The Challenges of Teaching in Afghanistan:
Prof. Margaret Jo Shepherd
The setting: a desolate, remote province in Eastern Afghanistan called Paktika, near the Pakistan border. The challenge: working with Afghan education professionals to introduce teacher training programs into a dysfunctional school system. The major players: former Iranian hostage Barry Rosen who, until a couple of years ago, was director of the Afghan Education Project—and a gracious-sounding, soft-spoken, highly articulate professor emerita from Teachers College (TC), Columbia, Dr. Margaret Jo Shepherd who, with her eyes wide open—as well as her heart—went to, arguably, one of the most dangerous places in the world to help create and sustain programs for teachers of primary school. The project, she says, attracted her because it was an outgrowth of years spent in special education, with learning disabled children, so many of them poor, like the children in Afghanistan.
She remembers the founding of the Peace Corps, the various initiatives funded by USAID (the largest broker of educational contracts –The World Bank is no. 2) and the day in 2002 when Carol Bellamy, then Executive Director of UNICEF, came to TC, which had a huge international education program dating to the mid 1950s, to talk about further involvement in Afghanistan. By then, Dr. Shepherd was an associate in Barry Rosen’s Afghan Education Project and had spent time at TC and abroad, assisting Afghan teachers with educational development, including writing and rewriting primary school texts for grades 1-6; working on a new primary school curriculum; and, as Senior Program Officer, working along with the Afghan Ministry in seeking funding for faculty development.
Dr. Shepherd also recalls (then) Major Michael Senzel who came to her in 2005 and suggested that she and some colleagues consider going back to Afghanistan to continue their work—with the protective assistance of the U.S. Army. Military efforts and reconstruction projects, she remembers Senzel saying, had to go “hand in hand” with education, especially in provinces like Paktika. She was hardly fluent in Dari (the official language of Afghanistan, or Pashto (spoken by the majority), but she was a highly experienced primary and secondary school education leader. For various reasons, the proposal did not move forward at that time, but earlier this year, (now) Battalion Commander Senzel, who had been redeployed to Afghanistan, approached her again.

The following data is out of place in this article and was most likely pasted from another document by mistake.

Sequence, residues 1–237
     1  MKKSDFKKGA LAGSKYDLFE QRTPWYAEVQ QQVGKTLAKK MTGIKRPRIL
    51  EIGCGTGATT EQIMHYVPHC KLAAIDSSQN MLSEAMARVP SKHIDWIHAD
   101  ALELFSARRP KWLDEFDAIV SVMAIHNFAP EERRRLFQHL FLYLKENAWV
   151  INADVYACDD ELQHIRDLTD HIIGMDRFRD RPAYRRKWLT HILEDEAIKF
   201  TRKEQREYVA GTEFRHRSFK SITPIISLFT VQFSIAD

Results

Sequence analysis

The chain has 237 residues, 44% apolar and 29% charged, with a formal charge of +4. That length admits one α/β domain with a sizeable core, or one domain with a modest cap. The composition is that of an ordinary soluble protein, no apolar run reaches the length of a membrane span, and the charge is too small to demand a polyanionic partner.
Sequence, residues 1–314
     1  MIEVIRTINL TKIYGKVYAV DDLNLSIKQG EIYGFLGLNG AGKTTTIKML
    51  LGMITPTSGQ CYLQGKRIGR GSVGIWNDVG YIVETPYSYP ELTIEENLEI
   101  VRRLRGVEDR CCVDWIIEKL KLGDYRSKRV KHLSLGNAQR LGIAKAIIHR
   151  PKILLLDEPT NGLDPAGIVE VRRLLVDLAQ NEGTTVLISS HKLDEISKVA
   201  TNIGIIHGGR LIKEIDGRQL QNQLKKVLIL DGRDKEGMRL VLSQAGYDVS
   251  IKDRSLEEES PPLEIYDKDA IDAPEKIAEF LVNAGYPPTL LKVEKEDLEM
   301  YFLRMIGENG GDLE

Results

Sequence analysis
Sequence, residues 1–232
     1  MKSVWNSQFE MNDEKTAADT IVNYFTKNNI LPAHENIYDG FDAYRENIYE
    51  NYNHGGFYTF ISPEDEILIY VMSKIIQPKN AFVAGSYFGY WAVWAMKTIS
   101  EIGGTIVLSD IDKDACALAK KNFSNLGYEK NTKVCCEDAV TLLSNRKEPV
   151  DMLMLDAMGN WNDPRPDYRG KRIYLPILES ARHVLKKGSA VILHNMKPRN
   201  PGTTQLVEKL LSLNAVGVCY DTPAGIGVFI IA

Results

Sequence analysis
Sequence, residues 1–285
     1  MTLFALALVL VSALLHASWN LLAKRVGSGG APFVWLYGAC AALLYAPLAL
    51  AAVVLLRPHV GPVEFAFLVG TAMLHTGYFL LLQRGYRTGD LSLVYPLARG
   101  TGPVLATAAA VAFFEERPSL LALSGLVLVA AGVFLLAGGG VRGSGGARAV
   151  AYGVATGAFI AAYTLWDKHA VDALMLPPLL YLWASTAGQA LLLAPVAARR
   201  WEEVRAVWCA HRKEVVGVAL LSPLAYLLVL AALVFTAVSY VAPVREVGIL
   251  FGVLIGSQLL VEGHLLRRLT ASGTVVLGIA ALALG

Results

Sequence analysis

The focus now was on trying to get 9th grade Afghan students to become teachers in primary schools by giving them curricular guidance, practical experience and mentors, an idea that was as difficult as it was idealistic. Off she went for one month this past summer, where she spent most of her time in Paktika. She knew, of course, that she was in Taliban country. What she did not fully appreciate was the continuing danger in the region and the necessity of living on an army base and receiving protection from the military, though having soldiers safeguard schools did not make for an easy or desirable implementation of education ideas.
She also increasingly realized how much her efforts were putting the children at risk. As recent car bombings have shown, Taliban targets are not confined to the military.
Dr. Shepherd also saw that she would be working less with academics and more with U.S and Afghan officials who were not necessarily knowledgeable about education. Since the 80s, USAID had been shifting contracts away from colleges and universities and toward profit and not-for-profit organizations for whom education was but one prong in a broader assistance drive provided by “Provincial Reconstruction Teams.” Businesses certainly know how to set up and monitor initiatives, Prof. Shepherd points out, but they do not typically include experts in education. At the moment, the project is in abeyance. But not Dr. Shepherd’s sense of mission. The program she was involved in was called Back To School, though in truth many of the children had never been to school in the first place, and the drop out rate, particularly for girls at grade 4, remains a problem. But she is hopeful and she is not alone. Her newest assistants include computers. “The spark, the enthusiasm the Afghan children have for learning and for their new school books,” she says, keep her going. Years ago just one million children went to school. Now that number is up to seven million.#